I visited eight sections of introductory economics this fall here at St. Ben’s and St. John’s. My mission: to recruit economics majors and minors. I need to do this because students have no idea what economics is or why they might want to major in the subject.
The same holds true for the general public. When I tell someone that I’m an economist, they likely say: “Oh, I took economics in college. It was so boring and it was just a bunch of equations. I didn’t get anything out of it.”
Sadly, research reveals that the last statement is true: Students who take introductory economics courses cannot answer basic economic questions any better other students.
I want to change that for you.
Definitions of economics
Here are two definitions of economics offered by leading economics textbooks:
“Economics is the study of how people make choices under conditions of scarcity and of the results of those choices for society.” (From Robert Frank and Ben Bernanke, “Principles of Economics.”)
What kinds of choices? What do we mean by scarcity? This definition doesn’t seem very promising. (Ironically, I contributed to this textbook.) Let’s try another:
“Economics is a way of thinking. It entails accurately describing economic events, such as the Great Depression, explaining why such events occur, predicting under what circumstances such events might take place in the future, and recommending appropriate courses of action.” (From John Taylor, “Principles of Economics.”)
A little better. But what is this way of thinking?
Victor Fuchs, an economist at Stanford University, wrote a wonderful book entitled “How We Live: An Economic Perspective on Americans from Birth to Death” (1983). He described the economic way of thinking through five aphorisms. I find this to be the best way to understand the way economists think and how economics is applied to the world.
• There is no free lunch. Yes, you’ve heard this one before, but think about it again. It says that every action you might take involves a cost. Suppose, for instance, that we are considering a tax cut. This policy has a cost: the government will not earn as much revenue as it otherwise would have, meaning that government must spend less or borrow more. (No, such tax cuts do not pay for themselves, but that’s another column.) Economics starts from the premise that we must set out what these alternatives are if we are to make sound choices.
• There is more than one way to skin a cat. (Note to my fellow cat lovers: this saying refers to catfish.) There is rarely only one way to accomplish a goal, and this maxim emphasizes this fact. For instance, we might be considering a tax cut because we want to promote faster economic growth. There are many alternative policies that can do this: increased public spending on infrastructure, changes in the regulatory environment, improvements in education are just three. This is why economists are famous for saying, “On the one hand this, on the other hand that.” Our discipline is founded on the idea that there is rarely a single, optimal way to do something. And, we don’t ignore these alternatives just because they might be politically unpalatable.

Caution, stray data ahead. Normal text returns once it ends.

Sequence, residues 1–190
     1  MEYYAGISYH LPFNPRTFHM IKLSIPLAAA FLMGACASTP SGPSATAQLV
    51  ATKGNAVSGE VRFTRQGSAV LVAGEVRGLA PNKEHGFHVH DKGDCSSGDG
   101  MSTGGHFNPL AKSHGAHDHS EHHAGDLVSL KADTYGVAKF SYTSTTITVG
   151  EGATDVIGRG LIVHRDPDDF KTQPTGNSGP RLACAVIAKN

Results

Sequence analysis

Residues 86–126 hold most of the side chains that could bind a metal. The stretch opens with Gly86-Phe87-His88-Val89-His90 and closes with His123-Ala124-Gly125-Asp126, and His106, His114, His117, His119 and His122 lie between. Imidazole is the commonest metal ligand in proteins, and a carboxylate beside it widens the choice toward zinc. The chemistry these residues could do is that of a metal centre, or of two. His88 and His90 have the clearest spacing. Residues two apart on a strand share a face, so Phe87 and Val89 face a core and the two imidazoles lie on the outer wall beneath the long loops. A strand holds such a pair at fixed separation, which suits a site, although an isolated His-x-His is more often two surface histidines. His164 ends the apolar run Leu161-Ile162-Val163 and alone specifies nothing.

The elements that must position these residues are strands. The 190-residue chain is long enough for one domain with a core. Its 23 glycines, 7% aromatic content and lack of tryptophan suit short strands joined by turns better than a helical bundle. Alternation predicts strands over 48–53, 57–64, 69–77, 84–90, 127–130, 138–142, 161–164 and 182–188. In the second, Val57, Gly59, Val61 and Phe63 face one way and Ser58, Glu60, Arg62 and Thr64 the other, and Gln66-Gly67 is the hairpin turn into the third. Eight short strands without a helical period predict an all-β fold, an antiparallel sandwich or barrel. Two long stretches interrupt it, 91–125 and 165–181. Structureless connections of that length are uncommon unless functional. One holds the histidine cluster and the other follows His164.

• Nature doesn‘t make leaps. This phrase, in Latin, is the epigram for one of the first best-selling economics textbooks: “Principles of Economics” (1890), by Alfred Marshall. (Ever notice that economists have trouble coming up with a clever new title for their books about the principles of economics?) Economists continue to embrace this notion because we have tools to find alternatives and calculate the costs of those alternatives, but these tools are not effective at measuring the effects of large, disruptive actions. For instance, economists cannot answer questions such as, “What would be the effects of eliminating taxes?” We can answer questions like, “What if taxes rates were reduced by 5 percent?” This frustrates many policy makers who prefer to ignore our economic advice.
• There can be too much of a good thing. One of my favorites, this adage asserts that we must compare the benefits of an action with the costs. It may have made sense to reduce tax rates in the 1980s since top tax rates were 70 percent. However, when tax rates on capital gains are 15 percent, the extra benefit of further reduction might be considerably smaller than the cost of further reduction (e.g. more borrowing).
• Time is money. This motto has two meanings for economists. First, it reminds us that we need to be careful to take the time value of money into consideration when we calculate costs and benefits. The ability to earn interest means that a dollar today is not worth the same as a dollar in one year. Second, it emphasizes that time is itself a resource that needs to be included in our reckoning of costs and benefits.
Starting a conversation
The shortest definition of economics I know of is this: “People respond to incentives. The rest is commentary.” Economics builds on this premise to understand the world around us. I hope to use this column to help you understand economics, the economy and the economist’s approach to the world.